Tuesday, December 31, 2013

design/spring's 2nd annual gingerbread competition

I missed out on participating again this year, but next year I'm totally entering some type of crazy gingerbread construction into Design/Spring's 3rd Annual Gingerbread Competition. The architecture runs the gamut from traditional to avant garde. Here are a few samples from the early hours of the competition this year, as the entries began to arrive.

Hershey bar solar array! Rice cake water cistern!

A trio from the family competition.

Nice piping on this one, from the dangling icicles to the trees and wreaths.

Fully iced lighthouse, complete with a photo of the inspiration structure.

Another lighthouse with gingerbread tourists and marine life.

There's even a gingerbread boy buried in the sugar sand in the lower right hand corner.

Graham crackers with licorice roof.

Love this gingerbread multi-story building with sugar glass shards on the roof and the dyed coconut/gumdrop flower/cookie stepping stone landscaping.

And to contrast it, a traditional village of tiny houses.

Despite missing the competition, I did sit down with my kiddo to decorate a gingerbread house of our own. We used a kit from Wilton so we could get right to the fun part (bonus: some stores start putting their Christmas items on clearance right before the holiday; we picked up this kit for $5).

If we do one of these next year, I'll try to remember that there are two colors of icing included, but only one decorating bag. We ended up with an interesting combination of "snow" and "grass", kinda like after the snow from that storm started to melt a few weeks back.

So, did your family get in on the gingerbread fun this year? Anyone have a preschooler who actually uses more candy to decorate than to eat? Tell me all about it.

Thanks for reading!

Friday, December 27, 2013

wine labels for home vintners (mean hermit edition)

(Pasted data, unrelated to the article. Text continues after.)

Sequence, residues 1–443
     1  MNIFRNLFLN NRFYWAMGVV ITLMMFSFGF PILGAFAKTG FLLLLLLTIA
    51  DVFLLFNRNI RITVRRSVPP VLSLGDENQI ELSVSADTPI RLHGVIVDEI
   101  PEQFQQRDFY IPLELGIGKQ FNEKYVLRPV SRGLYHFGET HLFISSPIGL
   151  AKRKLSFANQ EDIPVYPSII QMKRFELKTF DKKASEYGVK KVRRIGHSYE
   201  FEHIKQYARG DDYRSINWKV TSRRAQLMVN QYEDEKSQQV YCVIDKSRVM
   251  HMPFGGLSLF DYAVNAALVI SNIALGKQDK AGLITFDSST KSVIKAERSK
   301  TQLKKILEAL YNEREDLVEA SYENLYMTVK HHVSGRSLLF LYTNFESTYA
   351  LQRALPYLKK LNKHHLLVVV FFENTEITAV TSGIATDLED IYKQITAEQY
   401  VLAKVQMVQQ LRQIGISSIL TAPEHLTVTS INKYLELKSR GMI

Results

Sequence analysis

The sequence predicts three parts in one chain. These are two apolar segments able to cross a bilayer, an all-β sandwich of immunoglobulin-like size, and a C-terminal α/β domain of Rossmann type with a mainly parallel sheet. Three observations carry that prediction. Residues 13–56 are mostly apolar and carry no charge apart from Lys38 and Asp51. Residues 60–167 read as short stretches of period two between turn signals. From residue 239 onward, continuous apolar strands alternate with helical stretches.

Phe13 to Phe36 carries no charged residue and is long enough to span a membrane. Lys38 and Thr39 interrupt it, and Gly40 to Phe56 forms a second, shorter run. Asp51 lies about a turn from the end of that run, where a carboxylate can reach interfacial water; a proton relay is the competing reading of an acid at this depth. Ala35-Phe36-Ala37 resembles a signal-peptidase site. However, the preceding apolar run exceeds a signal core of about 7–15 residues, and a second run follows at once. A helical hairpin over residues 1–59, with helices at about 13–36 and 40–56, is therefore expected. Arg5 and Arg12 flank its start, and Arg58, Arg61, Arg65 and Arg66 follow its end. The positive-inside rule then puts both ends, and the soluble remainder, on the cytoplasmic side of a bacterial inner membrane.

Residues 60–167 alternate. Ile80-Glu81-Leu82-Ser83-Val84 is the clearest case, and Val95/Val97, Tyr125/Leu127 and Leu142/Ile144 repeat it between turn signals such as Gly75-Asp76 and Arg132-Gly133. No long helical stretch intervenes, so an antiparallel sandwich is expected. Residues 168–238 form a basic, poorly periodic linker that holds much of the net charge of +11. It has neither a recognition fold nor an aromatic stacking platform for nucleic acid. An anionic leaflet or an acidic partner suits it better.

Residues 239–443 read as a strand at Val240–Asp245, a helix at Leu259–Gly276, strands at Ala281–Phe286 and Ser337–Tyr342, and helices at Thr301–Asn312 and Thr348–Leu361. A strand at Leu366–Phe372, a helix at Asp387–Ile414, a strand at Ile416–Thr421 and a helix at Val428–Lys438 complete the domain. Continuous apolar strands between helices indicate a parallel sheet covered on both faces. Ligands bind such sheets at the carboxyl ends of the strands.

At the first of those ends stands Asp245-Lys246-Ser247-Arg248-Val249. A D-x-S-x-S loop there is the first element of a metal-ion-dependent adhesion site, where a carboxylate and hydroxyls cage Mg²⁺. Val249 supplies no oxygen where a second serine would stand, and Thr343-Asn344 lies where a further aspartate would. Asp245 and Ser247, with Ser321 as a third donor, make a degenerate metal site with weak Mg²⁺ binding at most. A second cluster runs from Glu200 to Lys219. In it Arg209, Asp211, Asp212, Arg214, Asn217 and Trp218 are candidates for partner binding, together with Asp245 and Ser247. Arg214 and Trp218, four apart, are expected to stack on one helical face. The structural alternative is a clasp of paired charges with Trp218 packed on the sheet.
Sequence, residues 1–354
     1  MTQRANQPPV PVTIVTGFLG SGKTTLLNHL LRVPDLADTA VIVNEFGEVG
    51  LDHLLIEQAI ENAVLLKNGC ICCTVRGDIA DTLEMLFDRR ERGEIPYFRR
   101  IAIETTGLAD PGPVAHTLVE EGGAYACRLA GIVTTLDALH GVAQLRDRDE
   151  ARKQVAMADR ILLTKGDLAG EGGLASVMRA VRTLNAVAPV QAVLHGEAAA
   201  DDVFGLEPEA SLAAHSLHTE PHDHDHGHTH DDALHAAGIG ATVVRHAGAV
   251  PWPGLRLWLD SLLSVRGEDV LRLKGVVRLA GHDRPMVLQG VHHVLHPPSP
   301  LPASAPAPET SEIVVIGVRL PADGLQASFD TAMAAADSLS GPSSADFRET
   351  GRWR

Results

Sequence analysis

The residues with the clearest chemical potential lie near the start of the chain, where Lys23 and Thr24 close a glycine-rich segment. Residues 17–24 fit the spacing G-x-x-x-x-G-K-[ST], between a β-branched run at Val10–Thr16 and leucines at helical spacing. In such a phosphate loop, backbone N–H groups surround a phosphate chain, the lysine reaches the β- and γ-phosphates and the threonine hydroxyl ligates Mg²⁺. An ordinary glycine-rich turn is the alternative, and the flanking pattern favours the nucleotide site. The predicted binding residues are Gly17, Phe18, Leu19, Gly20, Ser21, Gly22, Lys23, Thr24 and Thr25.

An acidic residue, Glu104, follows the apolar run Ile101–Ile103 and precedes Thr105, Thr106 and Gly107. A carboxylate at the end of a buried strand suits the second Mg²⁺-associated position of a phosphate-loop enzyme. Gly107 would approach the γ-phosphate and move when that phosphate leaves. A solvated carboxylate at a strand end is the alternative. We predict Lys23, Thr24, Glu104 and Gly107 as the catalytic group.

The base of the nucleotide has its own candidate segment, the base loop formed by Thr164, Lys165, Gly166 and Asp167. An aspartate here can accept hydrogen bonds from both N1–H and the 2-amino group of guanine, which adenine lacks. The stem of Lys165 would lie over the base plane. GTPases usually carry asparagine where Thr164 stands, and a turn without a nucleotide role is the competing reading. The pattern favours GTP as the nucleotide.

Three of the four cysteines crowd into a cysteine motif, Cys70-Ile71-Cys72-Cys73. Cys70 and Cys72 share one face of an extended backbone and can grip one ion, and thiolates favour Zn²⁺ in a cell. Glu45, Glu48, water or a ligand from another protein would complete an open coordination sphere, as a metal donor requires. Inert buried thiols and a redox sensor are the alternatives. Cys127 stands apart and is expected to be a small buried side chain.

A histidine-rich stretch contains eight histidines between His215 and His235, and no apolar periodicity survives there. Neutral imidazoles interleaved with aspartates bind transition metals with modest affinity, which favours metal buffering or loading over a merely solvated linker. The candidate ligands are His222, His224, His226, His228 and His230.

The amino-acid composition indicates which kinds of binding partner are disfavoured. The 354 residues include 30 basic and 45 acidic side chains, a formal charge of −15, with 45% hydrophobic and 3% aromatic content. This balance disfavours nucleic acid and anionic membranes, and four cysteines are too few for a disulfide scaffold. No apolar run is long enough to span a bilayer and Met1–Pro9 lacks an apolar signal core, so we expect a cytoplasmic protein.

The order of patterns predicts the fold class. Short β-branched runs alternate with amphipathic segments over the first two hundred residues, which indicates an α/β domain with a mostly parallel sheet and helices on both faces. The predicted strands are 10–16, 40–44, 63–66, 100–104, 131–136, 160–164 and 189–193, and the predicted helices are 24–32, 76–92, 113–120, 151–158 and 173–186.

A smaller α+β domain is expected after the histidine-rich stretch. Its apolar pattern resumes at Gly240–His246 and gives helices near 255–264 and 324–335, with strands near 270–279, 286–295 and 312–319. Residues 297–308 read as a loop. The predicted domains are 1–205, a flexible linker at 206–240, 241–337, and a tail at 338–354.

My "spirited" family is full of home brewers and vintners, a hobby many seem to have inherited from my grandpa. Late in life he developed an interest in making his own alcoholic concoctions; if you knew him, you know this was just one of the quirky and amazing things about him from a field of thousands.

This year my aunt and uncle made both wine and beer, and phoned in to ask me to do a little run of wine labels like I did a while back. I riffed off of the "Mean Old Hermit" sign that has hung on the gate of their rural property since time immemorial. This is what I came up with (the names here have been redacted for privacy):

A Google search turned up an old 1920s (copyright free) image of an old bootlegger simultaneously smoking a pipe, brandishing weapons and holding a liquor bottle. Perfect. I wasn't there to see my aunt and uncle open the package, but they tell me there was much laughter.

To make the two-toned sketched image, I used a very fine-lined drawing tool in Illustrator and, with my pen/stylus and drawing tablet in a separate layer, I drew over the highlights. When I was done, I dropped in the black background and added typography (fonts are 1942 Report, Rustic Regular {from Dover}, and Cavalcade).

Once I'd printed them out on label paper using my ink jet (because the local print shop took five days to return my e-mail), I gilded the 2012 using a gold paint pen and sprayed the labels with Mod Podge acrylic spray. I let them dry and air out for a couple of days before cutting them apart and packaging them up.

A note: I've been told by my aunt that labeling is done according to the year of the grapes, so 2012, not 2013, is the correct vintage in this case. The wine aged for a year before being given out as gifts.

I call the wine "house red" on the labels because the grape vines grow on the front of their house. Not accurate by wine industry standards, but not an issue for their friends and family.